Sunday, September 21, 2014

The Shofar Delusion

Stone Age ram figurine (Yael Yolovitch/Israel Antiquities Authority)
There was a time I would have described the shofar as a spiritual "technology" of sorts, that simply the sound of it reverberating in our ears produces a corrective change within. Kind of like Draino for the neshama - it clears the system, washes away the gunk that's built up over the past year, restoring "flow." So no, you can't use a trumpet, or a non-kosher shofar, or listen to an audio recording of a shofar - not because these things are inherently "bad" but because they don't "work."

There was a time I would have been concerned when I missed one of the hundred shofar blasts - if say I had to leave the room or if the Baal Tokea wasn't blowing properly. Again, it wasn't out of a concern over "aveira (sin)" - it was that this special yearly "treatment" was being compromised.

For me, it was never about Hashem scrutinizing my every move to see if I was listening to the shofar, that somehow I'd be in the celestial doghouse if I failed to comply with Halacha. My conception of Halacha was as a how-to guide for maintaining/repairing our "energies," albeit on subtle, hard-to-detect level. (Indeed, extremely subtle. So subtle as to perhaps be... pure self-suggestion!) I saw Halacha as the physical instruction and Kabbalah as the explanation. All the stuff about the shofar "confounding the Satan" in order to arouse the "compassion of the King," so as to give us a good "judgement" - I never bought into that. It always struck me as a mashal, a metaphor for certain mysterious, nonphysical processes at work, ones which are particularly "active" at the time of Rosh Hashana.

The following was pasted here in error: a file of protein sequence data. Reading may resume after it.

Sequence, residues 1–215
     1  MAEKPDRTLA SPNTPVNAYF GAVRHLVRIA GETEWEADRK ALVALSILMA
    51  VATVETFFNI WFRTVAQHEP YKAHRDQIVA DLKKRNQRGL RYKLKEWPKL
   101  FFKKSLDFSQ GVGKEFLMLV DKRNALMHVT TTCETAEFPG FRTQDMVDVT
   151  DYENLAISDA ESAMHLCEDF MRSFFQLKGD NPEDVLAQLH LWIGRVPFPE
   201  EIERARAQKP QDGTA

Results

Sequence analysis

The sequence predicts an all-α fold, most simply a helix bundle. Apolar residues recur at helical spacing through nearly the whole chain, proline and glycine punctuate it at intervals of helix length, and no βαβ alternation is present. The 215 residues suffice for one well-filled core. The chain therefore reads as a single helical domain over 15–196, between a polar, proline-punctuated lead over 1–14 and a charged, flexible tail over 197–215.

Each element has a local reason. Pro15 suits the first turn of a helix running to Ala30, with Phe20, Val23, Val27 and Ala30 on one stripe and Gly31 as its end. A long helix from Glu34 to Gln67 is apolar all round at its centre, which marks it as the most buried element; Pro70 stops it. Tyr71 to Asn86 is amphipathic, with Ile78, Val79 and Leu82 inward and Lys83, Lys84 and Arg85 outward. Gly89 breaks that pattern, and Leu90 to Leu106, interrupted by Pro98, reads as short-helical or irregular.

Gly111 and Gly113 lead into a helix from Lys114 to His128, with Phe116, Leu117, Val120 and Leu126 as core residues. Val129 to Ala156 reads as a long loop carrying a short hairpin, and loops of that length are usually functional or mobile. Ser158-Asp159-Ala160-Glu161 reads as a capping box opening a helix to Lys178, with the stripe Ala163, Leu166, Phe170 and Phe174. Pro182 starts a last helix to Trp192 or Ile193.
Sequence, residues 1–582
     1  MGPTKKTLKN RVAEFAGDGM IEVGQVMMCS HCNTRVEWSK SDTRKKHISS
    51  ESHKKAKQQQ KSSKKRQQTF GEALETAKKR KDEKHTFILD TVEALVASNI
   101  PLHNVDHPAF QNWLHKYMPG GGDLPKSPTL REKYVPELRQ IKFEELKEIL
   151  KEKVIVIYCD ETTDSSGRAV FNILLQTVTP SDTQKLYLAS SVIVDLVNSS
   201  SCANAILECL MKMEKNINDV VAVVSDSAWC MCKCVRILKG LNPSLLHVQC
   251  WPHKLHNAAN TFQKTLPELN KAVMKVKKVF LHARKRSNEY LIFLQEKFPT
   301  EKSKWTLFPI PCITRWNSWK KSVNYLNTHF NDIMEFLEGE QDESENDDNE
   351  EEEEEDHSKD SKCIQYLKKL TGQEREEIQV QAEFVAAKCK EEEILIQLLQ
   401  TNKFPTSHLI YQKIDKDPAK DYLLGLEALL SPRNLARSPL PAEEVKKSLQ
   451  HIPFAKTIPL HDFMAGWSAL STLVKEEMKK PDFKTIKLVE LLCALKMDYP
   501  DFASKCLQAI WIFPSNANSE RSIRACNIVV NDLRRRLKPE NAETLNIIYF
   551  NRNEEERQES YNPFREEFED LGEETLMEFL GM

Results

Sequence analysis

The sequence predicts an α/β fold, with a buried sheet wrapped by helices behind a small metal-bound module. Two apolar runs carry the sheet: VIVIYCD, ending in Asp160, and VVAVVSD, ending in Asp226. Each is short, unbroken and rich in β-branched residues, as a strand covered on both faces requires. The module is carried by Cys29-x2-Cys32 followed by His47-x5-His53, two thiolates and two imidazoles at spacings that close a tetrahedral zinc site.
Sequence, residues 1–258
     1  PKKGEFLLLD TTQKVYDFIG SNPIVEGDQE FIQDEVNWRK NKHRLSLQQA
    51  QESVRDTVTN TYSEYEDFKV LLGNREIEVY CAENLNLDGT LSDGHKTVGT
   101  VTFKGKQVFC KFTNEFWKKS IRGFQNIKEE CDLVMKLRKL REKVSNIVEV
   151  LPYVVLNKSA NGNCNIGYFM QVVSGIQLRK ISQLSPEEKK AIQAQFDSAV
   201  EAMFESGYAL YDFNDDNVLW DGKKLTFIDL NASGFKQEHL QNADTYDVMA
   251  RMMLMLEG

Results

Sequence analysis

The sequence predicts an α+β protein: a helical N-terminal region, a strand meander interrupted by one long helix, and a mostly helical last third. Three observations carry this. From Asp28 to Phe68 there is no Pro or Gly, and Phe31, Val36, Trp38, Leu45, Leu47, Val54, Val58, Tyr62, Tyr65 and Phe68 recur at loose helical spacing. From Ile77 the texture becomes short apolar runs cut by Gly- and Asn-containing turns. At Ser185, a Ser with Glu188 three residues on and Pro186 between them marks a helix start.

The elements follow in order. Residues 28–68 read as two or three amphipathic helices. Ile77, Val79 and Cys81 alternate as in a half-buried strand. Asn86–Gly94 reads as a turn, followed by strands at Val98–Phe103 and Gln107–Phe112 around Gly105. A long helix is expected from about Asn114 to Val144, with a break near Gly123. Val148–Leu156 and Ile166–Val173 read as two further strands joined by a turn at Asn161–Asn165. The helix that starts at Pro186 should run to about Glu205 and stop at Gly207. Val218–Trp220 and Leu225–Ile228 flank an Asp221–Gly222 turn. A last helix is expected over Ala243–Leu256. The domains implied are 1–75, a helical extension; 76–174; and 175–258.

And I reveled in the idea that Judaism possessed such a technology, that for millennia it has known the "secrets" of life and inner workings of the universe, and that some day - after we reached a degree of maturity, understanding and tikkun, when we were "ready" - this system would be fully "revealed" so that all of humanity could benefit.

All very beautiful and exciting, yes - but also, as I woke up to eventually, completely and utterly deluded. Sure, if you had to pick between a delusion that's creative, forward thinking and benevolent, and a delusion (like say, on the part of "ISIS") that's barbaric, psychopathic and destructive, you'd certainly choose the former. However, all things being equal, why not be benevolent and non-deluded? That's my earnest goal, at any rate.